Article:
The scientists chose Pepsi and Coke because the two drinks are almost indistinguishable in colour and taste yet many people express a definite preference for one or the other soft drink. "Everybody's heard of Coke and Pepsi. They have messages and, in the case of Coke, those message have insinuated themselves in our nervous system," Dr P Read Montague, director of the Brown Human Neuroimaging Laboratory at Baylor College in Houston, Texas, said. "There's a huge effect of the Coke label on brain activity related to the control of actions, the dredging up of memories and self-image. There is a response in the brain which leads to a behavioural effect."

Simply looking at a person's brain scan, the scientists were able to predict which soft drink the individual concerned was likely to prefer. "We were stunned by how easy this was," Dr Montague said. The ventral putamen, which is involved in reward-related learning, was active when people drink Coke or Pepsi. This is expected as the brain treats the pleasant taste of sugared water as a reward.

However, the scans also showed that the hippocampus and dorsolateral prefrontal cortex, areas of the brain involved in recalling emotions and cultural memories, were involved when the volunteers were exposed to the Coke brand. The Pepsi brand, meanwhile, had virtually no effect.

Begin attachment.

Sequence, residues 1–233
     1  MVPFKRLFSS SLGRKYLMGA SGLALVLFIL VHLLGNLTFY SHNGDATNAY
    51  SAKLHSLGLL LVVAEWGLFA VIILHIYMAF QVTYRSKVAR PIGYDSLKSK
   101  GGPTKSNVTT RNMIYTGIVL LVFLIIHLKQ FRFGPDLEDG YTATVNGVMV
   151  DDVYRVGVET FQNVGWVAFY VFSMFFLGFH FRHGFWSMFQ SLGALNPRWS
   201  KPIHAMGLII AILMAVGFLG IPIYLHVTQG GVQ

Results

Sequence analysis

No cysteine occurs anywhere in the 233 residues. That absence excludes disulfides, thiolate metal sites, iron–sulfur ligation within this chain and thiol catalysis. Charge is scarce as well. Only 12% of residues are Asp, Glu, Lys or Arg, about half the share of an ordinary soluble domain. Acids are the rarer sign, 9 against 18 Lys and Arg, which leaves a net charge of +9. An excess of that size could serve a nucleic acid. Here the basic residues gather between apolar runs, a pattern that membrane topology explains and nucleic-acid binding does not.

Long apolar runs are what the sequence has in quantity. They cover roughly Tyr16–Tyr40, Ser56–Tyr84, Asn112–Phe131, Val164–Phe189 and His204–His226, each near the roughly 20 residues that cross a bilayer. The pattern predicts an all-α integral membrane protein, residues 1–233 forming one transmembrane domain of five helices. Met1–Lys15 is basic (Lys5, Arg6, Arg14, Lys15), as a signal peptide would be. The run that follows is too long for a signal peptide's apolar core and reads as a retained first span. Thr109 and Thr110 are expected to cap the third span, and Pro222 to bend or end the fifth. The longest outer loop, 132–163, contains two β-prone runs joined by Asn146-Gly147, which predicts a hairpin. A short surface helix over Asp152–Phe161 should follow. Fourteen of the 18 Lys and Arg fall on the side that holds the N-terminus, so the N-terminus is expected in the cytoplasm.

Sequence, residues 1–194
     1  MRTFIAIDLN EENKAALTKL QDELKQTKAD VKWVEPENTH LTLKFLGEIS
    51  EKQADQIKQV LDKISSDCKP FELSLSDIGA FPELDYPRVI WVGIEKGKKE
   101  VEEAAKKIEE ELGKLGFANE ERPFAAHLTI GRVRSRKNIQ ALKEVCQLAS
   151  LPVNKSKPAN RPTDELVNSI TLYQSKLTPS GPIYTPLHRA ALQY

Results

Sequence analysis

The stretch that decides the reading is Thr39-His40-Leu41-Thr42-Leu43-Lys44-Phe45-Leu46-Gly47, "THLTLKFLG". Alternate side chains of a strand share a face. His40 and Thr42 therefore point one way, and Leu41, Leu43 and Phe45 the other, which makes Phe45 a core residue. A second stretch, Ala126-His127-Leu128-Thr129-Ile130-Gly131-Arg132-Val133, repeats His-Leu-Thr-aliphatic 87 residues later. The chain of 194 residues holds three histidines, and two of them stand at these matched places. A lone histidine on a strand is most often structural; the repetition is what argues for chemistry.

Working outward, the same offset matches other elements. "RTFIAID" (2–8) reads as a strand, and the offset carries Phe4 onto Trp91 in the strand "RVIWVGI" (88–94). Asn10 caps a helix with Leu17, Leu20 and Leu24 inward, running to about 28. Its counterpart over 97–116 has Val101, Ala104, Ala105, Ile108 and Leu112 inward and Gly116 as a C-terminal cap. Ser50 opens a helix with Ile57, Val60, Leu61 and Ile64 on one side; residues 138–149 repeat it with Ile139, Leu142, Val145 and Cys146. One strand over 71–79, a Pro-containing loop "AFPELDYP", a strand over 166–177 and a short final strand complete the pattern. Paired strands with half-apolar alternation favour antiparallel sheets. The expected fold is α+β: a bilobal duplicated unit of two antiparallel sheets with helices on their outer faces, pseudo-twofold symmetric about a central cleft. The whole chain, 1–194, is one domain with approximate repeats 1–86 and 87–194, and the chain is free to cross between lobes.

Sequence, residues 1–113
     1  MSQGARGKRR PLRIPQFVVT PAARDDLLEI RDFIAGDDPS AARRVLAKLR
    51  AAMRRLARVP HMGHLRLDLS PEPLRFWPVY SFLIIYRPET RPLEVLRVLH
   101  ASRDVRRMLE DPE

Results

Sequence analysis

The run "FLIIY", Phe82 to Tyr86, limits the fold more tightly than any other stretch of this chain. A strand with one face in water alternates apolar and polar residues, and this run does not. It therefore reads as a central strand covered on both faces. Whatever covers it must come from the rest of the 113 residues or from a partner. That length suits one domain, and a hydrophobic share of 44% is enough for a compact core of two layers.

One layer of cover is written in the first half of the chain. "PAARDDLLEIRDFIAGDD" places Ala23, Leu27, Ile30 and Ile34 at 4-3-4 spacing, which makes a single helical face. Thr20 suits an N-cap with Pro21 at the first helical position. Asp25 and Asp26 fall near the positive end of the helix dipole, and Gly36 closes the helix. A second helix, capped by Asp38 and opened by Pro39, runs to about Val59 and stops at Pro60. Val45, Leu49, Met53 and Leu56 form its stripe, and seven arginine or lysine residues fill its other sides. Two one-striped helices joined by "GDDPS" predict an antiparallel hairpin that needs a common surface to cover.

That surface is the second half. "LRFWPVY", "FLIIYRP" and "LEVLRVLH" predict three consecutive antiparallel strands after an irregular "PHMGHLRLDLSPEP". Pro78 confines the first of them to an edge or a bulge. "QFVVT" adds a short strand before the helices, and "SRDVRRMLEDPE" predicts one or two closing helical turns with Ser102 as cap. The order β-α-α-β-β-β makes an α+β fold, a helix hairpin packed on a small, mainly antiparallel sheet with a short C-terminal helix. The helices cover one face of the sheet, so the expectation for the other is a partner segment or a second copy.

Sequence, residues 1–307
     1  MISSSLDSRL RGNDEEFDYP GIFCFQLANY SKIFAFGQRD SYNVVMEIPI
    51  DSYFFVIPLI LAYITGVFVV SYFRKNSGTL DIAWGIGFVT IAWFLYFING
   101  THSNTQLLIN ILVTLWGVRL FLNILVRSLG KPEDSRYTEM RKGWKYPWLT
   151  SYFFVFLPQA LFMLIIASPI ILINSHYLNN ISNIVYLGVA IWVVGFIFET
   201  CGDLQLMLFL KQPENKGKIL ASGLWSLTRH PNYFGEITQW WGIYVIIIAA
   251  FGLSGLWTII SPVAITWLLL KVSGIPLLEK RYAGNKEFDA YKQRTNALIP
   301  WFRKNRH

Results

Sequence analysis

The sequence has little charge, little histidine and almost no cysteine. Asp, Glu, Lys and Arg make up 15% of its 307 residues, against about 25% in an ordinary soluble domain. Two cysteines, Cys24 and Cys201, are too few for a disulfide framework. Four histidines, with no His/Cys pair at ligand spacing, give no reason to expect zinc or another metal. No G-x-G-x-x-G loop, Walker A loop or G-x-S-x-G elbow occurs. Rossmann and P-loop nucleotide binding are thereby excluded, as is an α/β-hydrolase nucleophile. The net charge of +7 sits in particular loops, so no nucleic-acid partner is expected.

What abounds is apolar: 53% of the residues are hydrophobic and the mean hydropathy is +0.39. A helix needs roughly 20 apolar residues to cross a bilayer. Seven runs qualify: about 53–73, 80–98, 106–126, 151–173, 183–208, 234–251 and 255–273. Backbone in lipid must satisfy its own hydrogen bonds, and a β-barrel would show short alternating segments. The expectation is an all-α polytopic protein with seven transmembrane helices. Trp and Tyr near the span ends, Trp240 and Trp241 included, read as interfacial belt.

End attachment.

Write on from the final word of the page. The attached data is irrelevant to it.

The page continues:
Dr Montague said that the work can help to understand why people form eating or drinking habits that may not be good for their health.

"We are not trying to figure out how to market something better. We want to be able to better understand how brains work so that we can cure more neurological disorders."

News
peopleFrankie Boyle responds to referendum result in characteristically offensive style
Arts and Entertainment
Highs and lows of the cast's careers since 2004
News
news
New Articles
i100... with this review
PROMOTED VIDEO
News
ebooksAn unforgettable anthology of contemporary reportage
Latest stories from i100
Have you tried new the Independent Digital Edition apps?
Independent Dating
and  

By clicking 'Search' you
are agreeing to our
Terms of Use.

iJobs Job Widget
iJobs General

Cover Supervisor

£75 - £90 per day + negotiable: Randstad Education Group: Are you a cover supe...

Marketing Manager - Leicestershire - £35,000

£30000 - £35000 per annum: Ashdown Group: Marketing Manager (CIM, B2B, MS Offi...

Marketing Executive (B2B and B2C) - Rugby, Warwickshire

£22000 - £25000 per annum: Ashdown Group: A highly successful organisation wit...

SEN Coordinator + Teacher (SENCO)

£1 per day: Randstad Education Leeds: Job Purpose To work closely with the he...